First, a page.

Alongside this, Manges hopes to inspire his students to become future leaders, rather than what he refers to as “sheeple.” “Even if they don’t believe me, I want them to be able to have the tools to find the answers. I want them to know how much power they actually have –– they are going to be the ones that will have to solve this.”
After his class watched Plastic Soup and made accompanying greening effort proposals for an assignment, students became excited and empowered to take their proposals further by writing letters to the school board and printing off flyers to post around the school. Rich classroom discussion ensued and even grew into talks about cafeteria waste, quality of food, and nutrition. “I was pretty impressed that this kind of discussion came because they wanted to trace it back to the origin,” Manges said of the continuation of interest that stemmed from a single One Step video.
Manges also leads the Engineering Pathway and mentioned that a group of these students are working to design a new computer chip with a laser sensor that will sit inside a trash can and speak every time something is thrown into it. Manges says that for all of his students the activism portion comes organically through the course content and awareness. “It wasn’t something that I pushed on them,” adding that once students see themselves in a leadership role, they feel a larger responsibility to do something about it.
“Students are hoping that [the micro-chip] will encourage more students to use the correct receptacles rather than just ‘missing’ the recycling bin and moving on,” Manges shared. “There’s almost a game component to it if we’re cleaning up the campus and being rewarded with funny sayings. You know, whatever works!”
Teaching Students to Become Agents of Change
In working to try and get students to relate to the climate crisis, teachers like Manges hope to draw their students out of what he refers to as “a bubble” –– exposing them to the dangers of what lies ahead. But in doing so, he’s also working to inspire ownership, stewardship, and action.
“I get them angry sometimes,” he noted. “I want them to know that this is what their future holds. It’s incredibly important.”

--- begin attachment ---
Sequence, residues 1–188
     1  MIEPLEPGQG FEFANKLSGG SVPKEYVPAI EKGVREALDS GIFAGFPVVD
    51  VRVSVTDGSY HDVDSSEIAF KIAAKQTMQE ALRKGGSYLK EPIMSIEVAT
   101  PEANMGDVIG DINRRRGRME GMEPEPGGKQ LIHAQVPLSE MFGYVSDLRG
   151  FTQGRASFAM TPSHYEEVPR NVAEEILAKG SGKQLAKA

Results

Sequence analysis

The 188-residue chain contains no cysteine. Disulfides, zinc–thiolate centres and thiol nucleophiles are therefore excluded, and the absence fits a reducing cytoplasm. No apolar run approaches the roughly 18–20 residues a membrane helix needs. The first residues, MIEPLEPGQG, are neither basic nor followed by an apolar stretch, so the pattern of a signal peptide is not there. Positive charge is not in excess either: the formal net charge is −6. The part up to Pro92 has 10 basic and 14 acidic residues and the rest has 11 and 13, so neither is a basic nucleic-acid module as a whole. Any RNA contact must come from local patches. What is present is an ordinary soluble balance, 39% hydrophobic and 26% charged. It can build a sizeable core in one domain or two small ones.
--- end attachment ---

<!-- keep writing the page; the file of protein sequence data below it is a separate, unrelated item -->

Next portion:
Mange’s mantra, posted on his classroom whiteboard, says “You cannot just imagine the change, you have to be the change you want.” Those age-old, proverb-inspired words remind students that through every lesson, activity, and classroom discussion, they are agents of change and hope for the future. And this classroom philosophy paired with One Step’s solution-oriented climate education lessons makes for a perfect pairing, according to Manges. “One Step did give that [already apparent vision] a little more action, and it gave students an outlet to make a change.”
Being two and a half hours from the ocean, Manges says that all of his students have already seen human impacts on the environment in their short lifetimes. “They see what’s washing ashore and notice how they can’t walk on the sand barefoot anymore,” he said. “The students are starting to see things that weren’t there before and they’re questioning it.”
Manges’ course is moving toward the unit on air pollution, and Manges recently utilized One Step’s Too Hot to Handle: Greenhouse Effect lesson plan and related Climate Talk video. Although he has lots of activities already planned for the unit, he liked having access to additional resources. “One Step seems to be a really nice fit for both extension activities and also for differentiated instruction because not all students learn the same way,” adding that some students need other methods or modalities.
In the future, Manges hopes to incorporate more of the One Step activities and lesson plans into his current curriculum, like the carbon tracker when he teaches his unit on human-caused changes to the climate. Manges can see implementing the carbon tracker at the beginning of the year, allowing students to both track and slowly make small but impactful changes to their current footprint.
All in all, Manges said that he is impressed with how well One Step was designed and appreciates the diverse portfolio of topics and lesson plans. “I think it’s a homerun.”